I think for most of us, if we’re reading blogs, we are the type who also love books. The feeling of becoming so enveloped in a story that it feels personal to you is something I learned to love early in my life. I’m not as well read as some of my sisters (like Julie, who asked for the complete works of Shakespeare for Christmas at age eight—yikes), but I do love books!
What makes me sad is how much less I read these days. No doubt due in part to all the time I spend reading stuff online. I also sometimes feel overwhelmed by all the books out there! So many choices! And committing to a book is very different from committing to a blog post or, say, a Buzzfeed article. You want to be sure the book you pick is worth your time.
With that in mind, today I’ve decided to share a few books I’ve read that were worth the read. My taste in genres is pretty varied, and I’m definitely not a literature snob, but I do require that a book have the following qualities:
- Decently well written
- Not excessively cheesy
- Characters you really get to know
- A story that makes you see life differently, even if just for that day
My most favorite books changed my perspective on life or awakened an interest or passion in me that I didn’t feel before. I’m sure some of you who are much better read than I could add pages to this list, but here are just a few of the books that have affected me most and why:
Unbroken by Laura Hillenbrand: I’m pretty sure every person who has read this book would call it one of the best books ever. For sure the most amazing (and true) WWII survival story ever. This story completely changed my perspective on life—I felt so completely grateful for everything I had and so completely heartbroken for people who have had challenges worse than I can imagine. If by some slim chance you haven’t read this book, you must!
Russka by Edward Rutherfurd: I have been fascinated by Russia since I was young, and, knowing this, my sister gave me this book to read when I was 16. It’s a captivating piece of historical fiction that essentially gives you a complete history of Russia by tracing the stories over the generations of several (fictional) families. This is the kind of book that when I read the last line, I exhaled and said aloud, “Wow.” I can only describe it as epic.
Coming Home by Rosamunde Pilcher: This is a coming-of-age story of a girl growing up in pre-war and WWII England. I think it made such an impact on me because I read it as a teen, and I kind of lived through the main character. It has the lovely combo of history and romance, and it just sparked in teenage me a passion to live and dream and do amazing things. A line from it is also the inspiration for the name of my blog.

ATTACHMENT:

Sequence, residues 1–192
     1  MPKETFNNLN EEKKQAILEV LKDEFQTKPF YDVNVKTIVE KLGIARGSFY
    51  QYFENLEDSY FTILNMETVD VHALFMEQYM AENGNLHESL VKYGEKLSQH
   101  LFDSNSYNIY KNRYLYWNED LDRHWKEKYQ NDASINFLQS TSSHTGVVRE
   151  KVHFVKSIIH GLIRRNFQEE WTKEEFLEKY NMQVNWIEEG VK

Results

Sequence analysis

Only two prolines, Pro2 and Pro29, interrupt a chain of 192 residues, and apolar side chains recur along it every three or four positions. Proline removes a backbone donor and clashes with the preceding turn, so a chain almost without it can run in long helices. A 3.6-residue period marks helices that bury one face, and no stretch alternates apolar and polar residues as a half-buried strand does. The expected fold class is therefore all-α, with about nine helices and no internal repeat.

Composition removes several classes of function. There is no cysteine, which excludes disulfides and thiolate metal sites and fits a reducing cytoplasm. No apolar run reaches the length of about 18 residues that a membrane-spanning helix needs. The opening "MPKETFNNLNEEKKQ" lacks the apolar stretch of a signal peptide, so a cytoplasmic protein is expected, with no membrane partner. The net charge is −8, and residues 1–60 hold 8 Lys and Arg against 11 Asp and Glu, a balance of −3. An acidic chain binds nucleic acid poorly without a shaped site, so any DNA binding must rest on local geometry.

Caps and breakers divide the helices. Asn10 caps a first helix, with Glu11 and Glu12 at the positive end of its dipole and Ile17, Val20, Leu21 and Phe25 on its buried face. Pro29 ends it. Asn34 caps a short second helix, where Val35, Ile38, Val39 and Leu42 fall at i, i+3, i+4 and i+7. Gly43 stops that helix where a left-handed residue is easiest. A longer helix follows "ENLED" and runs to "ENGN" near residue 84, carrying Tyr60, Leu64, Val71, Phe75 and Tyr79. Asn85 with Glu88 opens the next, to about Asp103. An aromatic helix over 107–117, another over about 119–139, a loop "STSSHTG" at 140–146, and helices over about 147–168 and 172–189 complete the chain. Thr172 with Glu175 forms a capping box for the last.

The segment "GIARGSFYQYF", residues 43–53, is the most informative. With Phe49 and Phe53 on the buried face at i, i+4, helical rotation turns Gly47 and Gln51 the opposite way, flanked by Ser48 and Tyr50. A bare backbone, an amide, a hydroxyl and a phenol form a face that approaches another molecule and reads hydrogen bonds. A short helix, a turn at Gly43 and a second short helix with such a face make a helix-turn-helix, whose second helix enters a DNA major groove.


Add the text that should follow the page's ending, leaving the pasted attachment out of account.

The Count of Monte Cristo by Alexandre Dumas: Many of you have probably seen the movie (also one of my favorites), and I was interested to find how different the book is from the movie, but I love them both. I think what I love most about this story is the feeling of vindication you get on behalf of the main character, but the book dives deeper (and with more major characters) into the true natures of people and how they deal with circumstances. Without spoiling the end (if you haven’t read the book), I will just say that takes a different and darker turn that the movie does. This one offers both an exciting story and complicated themes you could discuss on multiple levels.
Phantom by Susan Kay: I think this one qualifies as cult fiction. Not very well known, but most who have read it are obsessed. It’s the story of the phantom before (and after) he became “of the opera.” You don’t think the musical is shallow until you read this book and understand things from the phantom’s perspective. It is a beautiful book that adds so much depth and intrigue to the original story.
His Dark Materials by Philip Pullman: Remember the whole fiasco over The Golden Compass movie? People calling it anti-God, etc.? This is the full series (three books) of that story. As someone who does believe in God, I can see how others might call this anti-religious, but I don’t think it was meant that way. For me, it was such a unique and compelling world that Pullman creates, it just sets your imagination on fire. Any anti-God themes for me were just part of the fiction and completely outweighed by the other fascinating concepts and characters in the series. I find myself wanting to reference elements of this story regularly in my daily life!
I would love to hear other awesome book ideas if you have them. A personal recommendation always carries more weight for me than a bestseller list, and I’m in the market for a new book to read!